In a third-grade art class, I learned about one-point perspective drawing–wherein a single vanishing point is used to create the illusion of depth. Delighted by this newfound ability to depict infinity, I sketched what must have been hundreds of vanishing points, each one drawing the eye toward something it couldn’t see. I hadn’t thought about this in years–not until last week when it occurred to me that the experience of social-distancing strangely feels a lot like a series of vanishing points. Without the interruptive necessity of having to go out into the world, each day is free to stretch out infinitely, bleeding into the next, no obstacles or guardrails.
All my pre-programmed reflexes pertaining to moderation seem to have short-circuited as a result: I can’t stop doing things to excess. I have taken it upon myself to “test” the 12 different face moisturizers I’ve been saving away in my sample drawer without waiting even 24 hours between them to see what actually works. I’ve been eating an entire bag of Lesser Evil popcorn a day, and I know that probably sounds like an exaggeration—or at the very least a stomachache—but I assure you only the latter is accurate.
I’m frantically ticking off every outstanding item on my house chore to-do list. I constantly refresh the New York Times homepage. I keep working long past when I should or need to because I no longer have an impending commute to tell me to stop. I binge-watched all 16 episodes of Sex Education on Netflix in a matter of days. I scroll and scroll and scroll through Instagram and then I scroll some more. I ask myself “What else can I be doing?” on an endless loop and when the answer eludes me I eat more popcorn. I purchased the five-book boxed set of George R. R. Martin’s Game of Thrones series because I figure if not now, when? Speaking of books, I decided last weekend would be a great time to try and start writing one myself. Why not!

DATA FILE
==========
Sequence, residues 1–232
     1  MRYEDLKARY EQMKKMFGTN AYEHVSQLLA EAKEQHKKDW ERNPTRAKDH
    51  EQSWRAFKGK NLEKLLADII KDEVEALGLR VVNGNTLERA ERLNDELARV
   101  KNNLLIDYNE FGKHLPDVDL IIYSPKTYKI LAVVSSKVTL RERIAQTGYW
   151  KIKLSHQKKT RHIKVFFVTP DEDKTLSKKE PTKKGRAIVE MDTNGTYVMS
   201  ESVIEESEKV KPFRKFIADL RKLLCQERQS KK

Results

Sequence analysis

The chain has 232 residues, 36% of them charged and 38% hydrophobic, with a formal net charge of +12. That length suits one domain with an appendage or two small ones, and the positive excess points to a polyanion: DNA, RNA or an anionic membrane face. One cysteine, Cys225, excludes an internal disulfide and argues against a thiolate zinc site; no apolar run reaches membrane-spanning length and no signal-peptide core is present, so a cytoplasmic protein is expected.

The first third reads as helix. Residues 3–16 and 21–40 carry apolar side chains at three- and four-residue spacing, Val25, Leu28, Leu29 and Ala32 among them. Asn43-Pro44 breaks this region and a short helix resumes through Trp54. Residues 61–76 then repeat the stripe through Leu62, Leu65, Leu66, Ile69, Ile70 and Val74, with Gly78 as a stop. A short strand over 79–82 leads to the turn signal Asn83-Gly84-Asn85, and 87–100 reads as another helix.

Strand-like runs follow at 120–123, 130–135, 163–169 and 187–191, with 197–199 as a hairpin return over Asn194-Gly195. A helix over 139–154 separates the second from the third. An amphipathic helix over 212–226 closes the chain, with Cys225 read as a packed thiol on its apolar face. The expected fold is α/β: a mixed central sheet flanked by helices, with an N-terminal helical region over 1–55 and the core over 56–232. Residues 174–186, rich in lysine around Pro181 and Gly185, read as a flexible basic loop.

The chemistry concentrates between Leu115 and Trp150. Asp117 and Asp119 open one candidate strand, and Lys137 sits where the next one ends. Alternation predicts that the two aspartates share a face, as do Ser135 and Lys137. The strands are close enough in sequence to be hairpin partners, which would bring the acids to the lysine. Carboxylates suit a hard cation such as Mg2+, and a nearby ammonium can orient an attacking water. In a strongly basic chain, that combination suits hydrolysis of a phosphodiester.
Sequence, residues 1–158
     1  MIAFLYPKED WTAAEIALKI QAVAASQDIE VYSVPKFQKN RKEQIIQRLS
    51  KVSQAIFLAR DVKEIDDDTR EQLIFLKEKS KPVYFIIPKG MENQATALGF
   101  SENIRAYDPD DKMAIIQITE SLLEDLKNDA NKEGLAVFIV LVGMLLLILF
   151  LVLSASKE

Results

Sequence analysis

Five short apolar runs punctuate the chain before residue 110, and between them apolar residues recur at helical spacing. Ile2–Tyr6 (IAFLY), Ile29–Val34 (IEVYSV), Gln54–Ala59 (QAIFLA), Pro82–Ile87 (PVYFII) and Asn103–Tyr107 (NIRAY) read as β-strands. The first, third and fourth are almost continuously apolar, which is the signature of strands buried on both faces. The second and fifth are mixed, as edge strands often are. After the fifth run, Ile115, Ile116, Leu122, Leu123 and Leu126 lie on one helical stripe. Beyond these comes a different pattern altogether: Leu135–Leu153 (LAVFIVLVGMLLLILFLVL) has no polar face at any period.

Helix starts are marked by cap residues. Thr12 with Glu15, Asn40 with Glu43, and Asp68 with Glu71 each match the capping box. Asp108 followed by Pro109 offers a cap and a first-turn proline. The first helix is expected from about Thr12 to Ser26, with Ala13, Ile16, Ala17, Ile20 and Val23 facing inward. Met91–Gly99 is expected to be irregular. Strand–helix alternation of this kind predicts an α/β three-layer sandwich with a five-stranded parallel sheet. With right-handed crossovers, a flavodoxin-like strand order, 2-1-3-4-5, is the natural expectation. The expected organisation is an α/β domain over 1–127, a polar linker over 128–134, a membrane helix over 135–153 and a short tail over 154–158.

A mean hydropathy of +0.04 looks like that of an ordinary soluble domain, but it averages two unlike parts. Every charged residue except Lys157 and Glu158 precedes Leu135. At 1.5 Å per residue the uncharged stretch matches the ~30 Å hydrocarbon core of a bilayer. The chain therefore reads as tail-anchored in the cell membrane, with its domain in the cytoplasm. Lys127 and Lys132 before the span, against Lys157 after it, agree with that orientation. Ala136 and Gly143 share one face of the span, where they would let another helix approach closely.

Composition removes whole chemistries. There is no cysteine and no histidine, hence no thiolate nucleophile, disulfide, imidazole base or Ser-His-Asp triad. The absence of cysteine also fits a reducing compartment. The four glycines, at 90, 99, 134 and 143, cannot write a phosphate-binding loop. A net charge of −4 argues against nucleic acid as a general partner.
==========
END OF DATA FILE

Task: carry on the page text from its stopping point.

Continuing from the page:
I’ve been trying to unpack the subconscious logic underlying these impulses, but it’s challenging to pinpoint. Perhaps it’s because even though this time feels infinite, I understand intuitively that at some point, things will inch back toward a semblance of “normal,” whenever our old routines are deemed safe again. Perhaps it’s because I’m so accustomed to being busy to the point of imminent burnout that I’m clinging to a version of that out of habit. Perhaps I’m trying to distract myself from the eerie quiet of my apartment–or my own thoughts. Perhaps doing something–anything!–feels better than sitting still in the midst of so much uncertainty. Or perhaps it’s a combination of all of these things, ultimately laddering up to a primal desire to feel a sense of purpose–to feel like my hands have something to do and my feet have somewhere to go.
Is anyone else grappling with moderation right now? What are you making of it?
Graphics by Lorenza Centi.